By |November 26th, 2015|General|7 Comments

Masterclass with Gyorgy Sebok

One of my treasured musical memories is a week of masterclasses by Gyorgy Sebok I attended in Germany one summer during the early 90’s. The comments he made were directly relevant not only to the specific piece the student presented, but also to music, performance and piano playing in general. A cigarette dangling from a holder, and with plenty of amazing demonstrations, he had the knack of being extremely entertaining while at the same time challenging the student to produce more than they ever thought they were capable of. And sometimes he got results by sleight of hand. One student got to a chord progression; she was playing it perfectly well, but Sebok wanted more than just the right notes. In the spirit of a game, he asked her to look at a new audience member with each new chord, and make a facial expression that communicated the different shades of meaning in the harmonic progression. She had to feel each chord before she played it so she could project it clearly. The difference was almost miraculous. I came across this series of masterclasses this past week, and wanted to share them here. I do hope you enjoy Mr. Sebok’s humour, intelligence and expertise. I think he was something of a magician for pianists. Follow this link to Gyorgy Sebok’s obituary in the Independent Follow this link to Jeremy Denk’s beautifully written article about his studies with Sebok

By |November 19th, 2015|General|3 Comments

A Tribute to Claudio Arrau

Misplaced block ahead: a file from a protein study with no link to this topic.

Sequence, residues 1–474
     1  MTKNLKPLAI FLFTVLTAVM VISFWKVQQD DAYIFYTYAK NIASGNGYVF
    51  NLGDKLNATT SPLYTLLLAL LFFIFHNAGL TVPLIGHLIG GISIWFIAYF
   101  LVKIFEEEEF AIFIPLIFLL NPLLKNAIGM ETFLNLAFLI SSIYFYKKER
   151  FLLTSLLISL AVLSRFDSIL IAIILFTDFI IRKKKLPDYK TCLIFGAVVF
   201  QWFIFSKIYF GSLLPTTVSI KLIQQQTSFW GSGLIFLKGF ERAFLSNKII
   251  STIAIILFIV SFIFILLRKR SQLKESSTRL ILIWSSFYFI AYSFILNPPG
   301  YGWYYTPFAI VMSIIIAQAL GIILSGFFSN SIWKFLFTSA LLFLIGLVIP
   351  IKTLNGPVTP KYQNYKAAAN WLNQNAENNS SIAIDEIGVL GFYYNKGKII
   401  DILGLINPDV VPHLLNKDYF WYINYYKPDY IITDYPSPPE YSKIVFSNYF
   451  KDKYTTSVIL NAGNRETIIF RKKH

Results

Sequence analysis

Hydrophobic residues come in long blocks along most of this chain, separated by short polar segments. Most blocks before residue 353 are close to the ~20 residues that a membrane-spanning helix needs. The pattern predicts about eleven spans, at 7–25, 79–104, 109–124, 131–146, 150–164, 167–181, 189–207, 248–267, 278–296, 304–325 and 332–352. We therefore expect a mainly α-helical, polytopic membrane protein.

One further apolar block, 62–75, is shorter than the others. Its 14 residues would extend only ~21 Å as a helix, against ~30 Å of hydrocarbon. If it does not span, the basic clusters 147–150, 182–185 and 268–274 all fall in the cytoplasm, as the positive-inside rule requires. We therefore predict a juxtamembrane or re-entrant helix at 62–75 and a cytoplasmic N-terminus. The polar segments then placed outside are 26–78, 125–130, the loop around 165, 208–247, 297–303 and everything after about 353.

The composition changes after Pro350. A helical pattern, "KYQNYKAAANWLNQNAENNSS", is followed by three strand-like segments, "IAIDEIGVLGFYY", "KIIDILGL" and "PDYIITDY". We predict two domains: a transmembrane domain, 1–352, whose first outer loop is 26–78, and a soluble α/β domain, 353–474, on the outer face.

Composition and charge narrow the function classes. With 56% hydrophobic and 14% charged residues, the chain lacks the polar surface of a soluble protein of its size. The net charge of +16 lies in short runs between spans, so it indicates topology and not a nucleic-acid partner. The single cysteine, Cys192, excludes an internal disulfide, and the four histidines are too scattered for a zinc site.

Claudio Arrau (February 6, 1903 – June 9, 1991) is a very important figure in my musical upbringing. As an undergraduate piano student in London during the late 70’s – and a postgraduate one in New York in the early 80’s – I heard Arrau many times in the core solo and concerto repertoire in the major concert halls of both cities. It seemed he was ever-present not just in these musical centres, but all over the world. Arrau’s biography Arrau was a revered authority, someone whose benchmark performances I grew up with. There were many occasions when I heard a major work for the first time in his hands. I have strong and treasured memories of leaving the hall in awe of the music, and the sheer stature of this artist. Arrau was a pianist’s pianist – there were no frills, no gimmicks, and no theatrics at all. What you got was the music itself, consummately and unaffectedly presented, with the greatest honesty and integrity – the result of a probing intellect and total devotion to his art. The last time I heard Arrau was in New York’s Carnegie Hall on Thursday, 16th February, 1984. I will never forget that occasion, because he was visibly sick and should probably have cancelled. In the Brahms op. 5 Sonata, he was hunched over the keyboard coughing throughout his performance. Yet you would not know from listening to the playing itself that anything was wrong. I found the programme thanks to a wonderful tribute website, – a mine of information. Here is what he played: Beethoven: Sonata No.7 in D major, Op.10 No. 3Schubert: Klavierstück No.1 in E-flat minor D.946Chopin: Ballade No.3 in A-flat major, Op.47Liszt: Sonnetto del Petrarca No. 104Debussy: L’isle joyeuseIntermissionBrahms […]